“But if we should get lost?”

“O thou timid! No one was ever lost in Daphne, except those on whom her gates close forever.”

“And who are they?” she asked, still fearful.

“Such as have yielded to the charms of the place and chosen it for life and death. Hark! Stand we here, and I will show you of whom I speak.”

Upon the marble pavement there was a scurry of sandalled feet; the crowd opened, and a party of girls rushed about the speaker and his fair friend, and began singing and dancing to the tabrets they themselves touched. The woman, scared, clung to the man, who put an arm about her, and, with kindled face, kept time to the music with the other hand overhead. The hair of the dancers floated free, and their limbs blushed through the robes of gauze which scarcely draped them. Words may not be used to tell of the voluptuousness of the dance. One brief round, and they darted off through the yielding crowd lightly as they had come.

“Now what think you?” cried the man to the woman.

“Who are they?” she asked.

“Devadasi—priestesses devoted to the Temple of Apollo. There is an army of them. They make the chorus in celebrations. This is their home. Sometimes they wander off to other cities, but all they make is brought here to enrich the house of the divine musician. Shall we go now?”

Next minute the two were gone.

Ben-Hur took comfort in the assurance that no one was ever lost in Daphne, and he, too, set out—where, he knew not.

A sculpture reared upon a beautiful pedestal in the garden attracted him first. It proved to be the statue of a centaur. An inscription informed the unlearned visitor that it exactly represented Chiron, the beloved of Apollo and Diana, instructed by them in the mysteries of hunting, medicine, music, and prophecy. The inscription also bade the stranger look out at a certain part of the heavens, at a certain hour of the clear night, and he would behold the dead alive among the stars, whither Jupiter had transferred the good genius.

The wisest of the centaurs continued, nevertheless, in the service of mankind. In his hand he held a scroll, on which, graven in Greek, were paragraphs of a notice:

“O Traveller!
“Art thou a stranger?

“I. Hearken to the singing of the brooks, and fear not the rain of the fountains; so will the Naiades learn to love thee.

“II. The invited breezes of Daphne are Zephyrus and Auster; gentle ministers of life, they will gather sweets for thee; when Eurus blows, Diana is elsewhere hunting; when Boreas blusters, go hide, for Apollo is angry.

“III. The shades of the Grove are thine in the day; at night they belong to Pan and his Dryades. Disturb them not.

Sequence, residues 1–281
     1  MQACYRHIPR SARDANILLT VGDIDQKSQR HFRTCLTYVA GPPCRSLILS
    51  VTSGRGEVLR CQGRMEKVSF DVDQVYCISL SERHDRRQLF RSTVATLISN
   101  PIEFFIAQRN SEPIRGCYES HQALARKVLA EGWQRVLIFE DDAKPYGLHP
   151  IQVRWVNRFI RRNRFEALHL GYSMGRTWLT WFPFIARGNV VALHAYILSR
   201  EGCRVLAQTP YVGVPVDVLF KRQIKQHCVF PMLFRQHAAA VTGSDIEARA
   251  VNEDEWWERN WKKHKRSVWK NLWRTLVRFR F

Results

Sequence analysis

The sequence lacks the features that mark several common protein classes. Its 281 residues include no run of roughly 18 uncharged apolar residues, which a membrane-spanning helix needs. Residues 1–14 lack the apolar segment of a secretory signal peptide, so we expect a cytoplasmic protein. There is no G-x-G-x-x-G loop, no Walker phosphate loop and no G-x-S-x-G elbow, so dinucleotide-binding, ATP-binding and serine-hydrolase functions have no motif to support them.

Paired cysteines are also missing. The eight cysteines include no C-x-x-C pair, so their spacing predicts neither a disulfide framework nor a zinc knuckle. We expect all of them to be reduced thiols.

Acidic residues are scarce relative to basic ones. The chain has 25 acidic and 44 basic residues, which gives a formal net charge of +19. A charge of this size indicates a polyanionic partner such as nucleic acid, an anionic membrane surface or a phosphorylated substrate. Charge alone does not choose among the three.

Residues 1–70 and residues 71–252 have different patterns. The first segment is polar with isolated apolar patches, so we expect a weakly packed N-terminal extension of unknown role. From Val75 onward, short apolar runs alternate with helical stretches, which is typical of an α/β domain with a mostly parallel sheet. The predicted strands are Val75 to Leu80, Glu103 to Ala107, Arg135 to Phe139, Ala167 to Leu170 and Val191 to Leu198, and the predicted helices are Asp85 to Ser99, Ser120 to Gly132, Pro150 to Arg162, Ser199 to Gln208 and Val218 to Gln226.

“IV. Eat of the Lotus by the brooksides sparingly, unless thou wouldst have surcease of memory, which is to become a child of Daphne.

“V. Walk thou round the weaving spider—’tis Arachne at work for Minerva.

“VI. Wouldst thou behold the tears of Daphne, break but a bud from a laurel bough—and die.

“Heed thou!
“And stay and be happy.”

Ben-Hur left the interpretation of the mystic notice to others fast enclosing him, and turned away as the white bull was led by. The boy sat in the basket, followed by a procession; after them again, the woman with the goats; and behind her the flute and tabret players, and another procession of gift-bringers.

“Whither go they?” asked a bystander.

Another made answer, “The bull to Father Jove; the goat—”

“Did not Apollo once keep the flocks of Admetus?”

“Ay, the goat to Apollo!”

The goodness of the reader is again besought in favor of an explanation. A certain facility of accommodation in the matter of religion comes to us after much intercourse with people of a different faith; gradually we attain the truth that every creed is illustrated by good men who are entitled to our respect, but whom we cannot respect without courtesy to their creed. To this point Ben-Hur had arrived. Neither the years in Rome nor those in the galley had made any impression upon his religious faith; he was yet a Jew. In his view, nevertheless, it was not an impiety to look for the beautiful in the Grove of Daphne.

The remark does not interdict the further saying, if his scruples had been ever so extreme, not improbably he would at this time have smothered them. He was angry; not as the irritable, from chafing of a trifle; nor was his anger like the fool’s, pumped from the wells of nothing, to be dissipated by a reproach or a curse; it was the wrath peculiar to ardent natures rudely awakened by the sudden annihilation of a hope—dream, if you will—in which the choicest happinesses were thought to be certainly in reach. In such case nothing intermediate will carry off the passion—the quarrel is with Fate.

Let us follow the philosophy a little further, and say to ourselves, it were well in such quarrels if Fate were something tangible, to be despatched with a look or a blow, or a speaking personage with whom high words were possible; then the unhappy mortal would not always end the affair by punishing himself.

In ordinary mood, Ben-Hur would not have come to the Grove alone, or, coming alone, he would have availed himself of his position in the consul’s family, and made provision against wandering idly about, unknowing and unknown; he would have had all the points of interest in mind, and gone to them under guidance, as in the despatch of business; or, wishing to squander days of leisure in the beautiful place, he would have had in hand a letter to the master of it all, whoever he might be. This would have made him a sightseer, like the shouting herd he was accompanying; whereas he had no reverence for the deities of the Grove, nor curiosity; a man in the blindness of bitter disappointment, he was adrift, not waiting for Fate, but seeking it as a desperate challenger.

Every one has known this condition of mind, though perhaps not all in the same degree; every one will recognize it as the condition in which he has done brave things with apparent serenity; and every one reading will say, Fortunate for Ben-Hur if the folly which now catches him is but a friendly harlequin with whistle and painted cap, and not some Violence with a pointed sword pitiless.